The World Bank has ordered Pakistan to pay Barrick Gold Corp. and Chile’s Antofagasta PLC US$5.8-billion in damages stemming from a long-running international arbitration dispute over mine rights for a massive copper gold project.
The dispute dates back to 2011, when the Balochistan province in Pakistan rejected efforts by a joint venture (JV) operated by Barrick and Antofagasta to secure a mining lease for the project at Reko Diq. The JV, called Tethyan Copper Company Pty Ltd., appealed the decision and launched an arbitration claim against the government of Pakistan.
The award from the World Bank’s International Centre for Settlement of Investment Disputes (ICSID) in the arbitration case comprises US$4.1-billion, made up of the fair market value of the project at the time, and accumulated interest of US$1.75-billion.
Despite the windfall ruling from the ICSID, shares in Barrick fell by 0.93 per cent on Monday to close at $21.31 apiece on the Toronto Stock Exchange, as doubts arose over the willingness and ability of Pakistan to pay the bill.
Kerry Smith, mining analyst with Haywood Securities Inc., said in an interview that considering Pakistan’s shaky finances and a domestic political scene rife with corruption, he’d be “very surprised if Barrick and Antofagasta got a penny.”
Earlier this month, the International Monetary Fund (IMF) approved a US$6-billion bailout package to Pakistan as it grapples with yet another fiscal crisis.
The language of the press releases from both Barrick and Antofagasta suggests neither expects to be paid in full.
Barrick and Antofagasta both indicated a willingness to come to a “negotiated settlement” with Pakistan.
In its own release, the Office of the Attorney-General for Pakistan expressed “disappointment” over the ruling, but welcomed the commitment by Barrick and Antofagasta to “work towards a mutually beneficial solution that works for both sides.”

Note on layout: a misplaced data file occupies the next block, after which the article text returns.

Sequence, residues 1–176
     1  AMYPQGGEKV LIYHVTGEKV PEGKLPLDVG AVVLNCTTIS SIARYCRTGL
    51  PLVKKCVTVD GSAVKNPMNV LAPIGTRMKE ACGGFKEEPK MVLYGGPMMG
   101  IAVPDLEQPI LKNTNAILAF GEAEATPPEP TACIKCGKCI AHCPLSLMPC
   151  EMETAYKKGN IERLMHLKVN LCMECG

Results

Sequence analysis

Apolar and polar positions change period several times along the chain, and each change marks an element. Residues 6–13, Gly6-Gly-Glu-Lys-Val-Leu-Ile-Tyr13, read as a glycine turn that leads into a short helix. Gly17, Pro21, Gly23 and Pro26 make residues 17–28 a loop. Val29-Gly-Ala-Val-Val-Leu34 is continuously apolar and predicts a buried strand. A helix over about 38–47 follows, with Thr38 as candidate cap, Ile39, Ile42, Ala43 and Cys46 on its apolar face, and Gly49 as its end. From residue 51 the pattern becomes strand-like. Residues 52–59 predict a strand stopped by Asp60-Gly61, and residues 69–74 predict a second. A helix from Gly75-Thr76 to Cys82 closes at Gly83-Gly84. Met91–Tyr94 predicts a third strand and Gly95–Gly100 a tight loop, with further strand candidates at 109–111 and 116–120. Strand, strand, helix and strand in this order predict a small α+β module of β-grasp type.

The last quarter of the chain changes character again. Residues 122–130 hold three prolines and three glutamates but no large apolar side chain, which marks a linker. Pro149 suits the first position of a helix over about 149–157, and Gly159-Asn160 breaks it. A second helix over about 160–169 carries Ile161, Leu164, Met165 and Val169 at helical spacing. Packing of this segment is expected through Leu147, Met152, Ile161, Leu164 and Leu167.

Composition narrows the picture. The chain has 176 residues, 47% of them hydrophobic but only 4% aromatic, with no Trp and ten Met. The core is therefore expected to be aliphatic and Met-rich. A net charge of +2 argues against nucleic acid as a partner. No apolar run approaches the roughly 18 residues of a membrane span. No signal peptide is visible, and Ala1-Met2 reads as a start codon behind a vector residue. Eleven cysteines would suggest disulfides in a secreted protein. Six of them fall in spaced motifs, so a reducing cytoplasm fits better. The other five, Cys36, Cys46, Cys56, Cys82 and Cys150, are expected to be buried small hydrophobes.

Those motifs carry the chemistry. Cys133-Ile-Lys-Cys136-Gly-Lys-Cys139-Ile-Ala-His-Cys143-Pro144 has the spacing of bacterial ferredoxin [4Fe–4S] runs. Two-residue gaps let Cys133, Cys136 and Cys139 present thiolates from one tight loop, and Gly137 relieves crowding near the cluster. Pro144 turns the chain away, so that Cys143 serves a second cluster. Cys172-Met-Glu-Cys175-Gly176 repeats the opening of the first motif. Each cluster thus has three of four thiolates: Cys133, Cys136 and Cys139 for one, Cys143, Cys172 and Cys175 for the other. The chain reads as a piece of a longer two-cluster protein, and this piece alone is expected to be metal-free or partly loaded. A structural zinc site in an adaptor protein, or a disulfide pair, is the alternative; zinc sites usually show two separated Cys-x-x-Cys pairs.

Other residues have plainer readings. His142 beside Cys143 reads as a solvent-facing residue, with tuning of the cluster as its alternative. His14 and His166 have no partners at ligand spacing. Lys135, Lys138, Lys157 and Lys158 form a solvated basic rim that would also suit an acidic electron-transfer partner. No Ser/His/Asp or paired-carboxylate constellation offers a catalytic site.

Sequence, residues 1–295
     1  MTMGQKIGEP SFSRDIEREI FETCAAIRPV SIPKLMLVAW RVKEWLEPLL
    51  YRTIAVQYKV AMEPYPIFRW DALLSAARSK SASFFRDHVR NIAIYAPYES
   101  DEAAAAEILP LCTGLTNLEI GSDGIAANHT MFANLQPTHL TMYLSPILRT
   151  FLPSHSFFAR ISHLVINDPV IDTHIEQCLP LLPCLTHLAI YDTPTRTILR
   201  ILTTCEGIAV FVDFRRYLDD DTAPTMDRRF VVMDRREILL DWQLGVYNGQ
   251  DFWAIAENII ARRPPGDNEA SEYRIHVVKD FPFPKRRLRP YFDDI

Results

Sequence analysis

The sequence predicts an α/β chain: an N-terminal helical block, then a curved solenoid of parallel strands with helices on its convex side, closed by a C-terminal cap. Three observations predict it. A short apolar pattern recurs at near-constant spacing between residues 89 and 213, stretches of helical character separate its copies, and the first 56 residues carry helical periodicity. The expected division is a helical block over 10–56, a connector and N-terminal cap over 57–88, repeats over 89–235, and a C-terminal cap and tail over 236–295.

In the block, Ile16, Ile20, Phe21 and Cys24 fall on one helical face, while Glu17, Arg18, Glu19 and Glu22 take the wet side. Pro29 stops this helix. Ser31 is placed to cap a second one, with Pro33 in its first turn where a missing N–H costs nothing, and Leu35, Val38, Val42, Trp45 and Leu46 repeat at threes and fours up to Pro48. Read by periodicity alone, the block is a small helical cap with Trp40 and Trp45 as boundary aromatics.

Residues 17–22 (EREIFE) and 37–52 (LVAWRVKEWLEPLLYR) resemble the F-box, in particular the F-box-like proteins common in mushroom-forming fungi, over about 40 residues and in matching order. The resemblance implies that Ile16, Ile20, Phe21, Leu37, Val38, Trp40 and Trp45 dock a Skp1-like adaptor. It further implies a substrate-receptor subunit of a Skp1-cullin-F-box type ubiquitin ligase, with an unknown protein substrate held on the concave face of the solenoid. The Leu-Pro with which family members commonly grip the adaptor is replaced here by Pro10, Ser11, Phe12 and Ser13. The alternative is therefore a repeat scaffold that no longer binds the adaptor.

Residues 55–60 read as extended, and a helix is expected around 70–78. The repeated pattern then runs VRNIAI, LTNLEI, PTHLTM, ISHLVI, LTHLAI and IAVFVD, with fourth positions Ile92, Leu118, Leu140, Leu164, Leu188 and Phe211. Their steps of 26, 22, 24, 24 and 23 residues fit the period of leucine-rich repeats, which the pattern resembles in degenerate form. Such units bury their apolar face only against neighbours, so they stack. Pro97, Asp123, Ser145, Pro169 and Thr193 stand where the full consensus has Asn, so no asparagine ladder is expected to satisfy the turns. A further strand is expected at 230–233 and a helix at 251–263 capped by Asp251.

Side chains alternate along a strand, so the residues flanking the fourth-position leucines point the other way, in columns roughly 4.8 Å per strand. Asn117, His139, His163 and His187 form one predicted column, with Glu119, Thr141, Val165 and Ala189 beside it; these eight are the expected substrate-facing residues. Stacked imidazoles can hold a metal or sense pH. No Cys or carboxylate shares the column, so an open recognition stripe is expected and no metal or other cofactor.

Barrick and Antofagasta assert that the site at Reko Diq in Balochistan is one of the world’s largest undeveloped deposits of copper gold. It has a potential mine life of more than 50 years. Getting the project off the ground would require a capital expenditure of US$3.3-billion.
The joint venture had already spent US$220-million in development costs before Pakistan halted the project, including the completion of a detailed technical report outlining the geology and economics.
Mr. Smith said that even if Pakistan doesn’t pay a cent, it may eventually extend an olive branch by granting the mining lease to the joint venture, and perhaps guarantee title on the property in perpetuity.
Regardless of the outcome, the huge expense of building at Reko Diq and the inherent difficulties of operating in Pakistan, including poor infrastructure and near-constant military tension with India, make it unlikely that Barrick and Antofagasta would develop it at this stage – even if the lease is granted.
A copper gold project is a deposit that contains mainly copper, but also some gold.
Barrick and Antofagasta will likely hold the project as an option to develop if the price of copper rises. Unlike gold bullion, which has rallied in recent months, copper has drifted this year as trade wars have raged and worries persist over the health of the global economy.
While Barrick is predominantly a gold-focused miner, it operates a number of copper mines. The company diversified into copper with the $7.3-billion purchase of Equinox Minerals Ltd. in 2011.
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